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Brickette:  that is damn adorable! Again consistent and tell him Coff’ ‘down’ or whatever your chosen command is. But if he’s often doing it when your aren’t around it’s a bit tricky. You could try spraying the table, chairs and ground around it in a deterrent to stop it. But some dogs don’t care if it smells bad. You can either buy a dog specific one or home make one using lemon/lime or vinegar (or good home made dog deterrent). dogs tend to not like citrus so you’ll notice a lot in the shop will be citrus based anyway. But it will also be a strong smell that you may need to respray every few days, if it does work, and decid. Whether your okay with citrus smelling furniture.

Post # 64
Member
715 posts
Busy bee
  • Wedding: July 2015

Also moving the chairs away might help. jasper is a Maltese Shi Tzu and the chairs need to be fully pushed in our away from the table or he jumps on it too. Now obviously Leroy is larger but it may help.

Post # 65
Member
3308 posts
Sugar bee

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TwilightSparkler:  I went through the same thing last year with a kitten we rescued. Less than two weeks after the diagnosis he was gone… I was so devastated. It really rips your heart out when you lose a pet.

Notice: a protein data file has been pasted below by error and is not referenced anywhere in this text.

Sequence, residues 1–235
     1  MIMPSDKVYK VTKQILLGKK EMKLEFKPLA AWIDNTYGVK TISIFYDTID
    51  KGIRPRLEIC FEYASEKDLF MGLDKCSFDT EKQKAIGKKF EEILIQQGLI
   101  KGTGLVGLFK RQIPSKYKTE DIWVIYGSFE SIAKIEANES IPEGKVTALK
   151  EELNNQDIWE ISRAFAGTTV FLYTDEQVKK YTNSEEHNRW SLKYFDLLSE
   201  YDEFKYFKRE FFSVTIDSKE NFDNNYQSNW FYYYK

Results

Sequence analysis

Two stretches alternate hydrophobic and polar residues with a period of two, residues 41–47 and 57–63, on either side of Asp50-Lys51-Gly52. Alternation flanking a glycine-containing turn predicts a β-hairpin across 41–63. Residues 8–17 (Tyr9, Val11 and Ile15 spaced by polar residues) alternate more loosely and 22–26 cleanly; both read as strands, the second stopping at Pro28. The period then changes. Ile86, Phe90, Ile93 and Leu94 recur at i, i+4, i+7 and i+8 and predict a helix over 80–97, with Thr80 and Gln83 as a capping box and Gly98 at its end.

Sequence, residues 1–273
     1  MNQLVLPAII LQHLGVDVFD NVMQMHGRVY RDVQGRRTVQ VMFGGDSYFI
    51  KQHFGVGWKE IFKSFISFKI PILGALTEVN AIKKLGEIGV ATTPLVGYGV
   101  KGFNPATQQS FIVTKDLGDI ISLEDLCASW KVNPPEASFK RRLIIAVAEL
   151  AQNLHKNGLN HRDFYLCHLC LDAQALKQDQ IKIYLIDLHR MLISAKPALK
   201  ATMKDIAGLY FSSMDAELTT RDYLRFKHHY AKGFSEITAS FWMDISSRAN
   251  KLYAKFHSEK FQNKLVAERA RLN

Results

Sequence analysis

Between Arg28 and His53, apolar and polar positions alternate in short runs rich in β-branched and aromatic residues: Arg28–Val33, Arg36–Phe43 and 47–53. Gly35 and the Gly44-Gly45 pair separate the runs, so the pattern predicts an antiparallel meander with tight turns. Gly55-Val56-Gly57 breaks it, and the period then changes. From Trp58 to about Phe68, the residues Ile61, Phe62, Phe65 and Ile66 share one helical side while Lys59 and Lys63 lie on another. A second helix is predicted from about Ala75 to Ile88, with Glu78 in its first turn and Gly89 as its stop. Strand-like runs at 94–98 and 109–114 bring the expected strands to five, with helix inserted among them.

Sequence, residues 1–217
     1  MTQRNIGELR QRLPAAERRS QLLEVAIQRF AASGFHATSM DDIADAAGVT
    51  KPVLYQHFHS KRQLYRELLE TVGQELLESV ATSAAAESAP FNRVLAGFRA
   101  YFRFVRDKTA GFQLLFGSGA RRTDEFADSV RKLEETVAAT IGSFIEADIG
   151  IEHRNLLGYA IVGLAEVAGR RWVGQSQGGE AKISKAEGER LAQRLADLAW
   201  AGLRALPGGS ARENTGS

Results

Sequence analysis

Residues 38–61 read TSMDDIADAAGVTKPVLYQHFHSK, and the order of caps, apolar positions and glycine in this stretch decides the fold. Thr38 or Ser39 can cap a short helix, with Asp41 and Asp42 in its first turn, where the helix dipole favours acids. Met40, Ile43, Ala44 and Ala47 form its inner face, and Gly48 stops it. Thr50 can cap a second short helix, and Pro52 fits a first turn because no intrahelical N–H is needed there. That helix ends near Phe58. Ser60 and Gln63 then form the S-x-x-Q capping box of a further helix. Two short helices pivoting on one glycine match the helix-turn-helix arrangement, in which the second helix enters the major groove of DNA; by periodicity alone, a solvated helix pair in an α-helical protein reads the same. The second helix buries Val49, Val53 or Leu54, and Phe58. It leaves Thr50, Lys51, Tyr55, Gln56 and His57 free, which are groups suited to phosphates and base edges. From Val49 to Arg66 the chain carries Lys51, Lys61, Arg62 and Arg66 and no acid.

Post # 66
Member
3196 posts
Sugar bee

I agree with the previous posters that said maybe you aren’t ready to love another dog like Clyde. Also you may never love Leroy like Clyde, some dogs are our heart dogs, and others are just dogs we love and live with. they aren’t always going to be the same as the other ones we’ve had and it’s natural to like one pet a little more than the other. maybe give yourself some more time to decide, but think about it in a way of are you holding back because you feel like you’re not done grieving for Clyde, or do you just feel like you don’t really like this dog?

Post # 67
Member
536 posts
Busy bee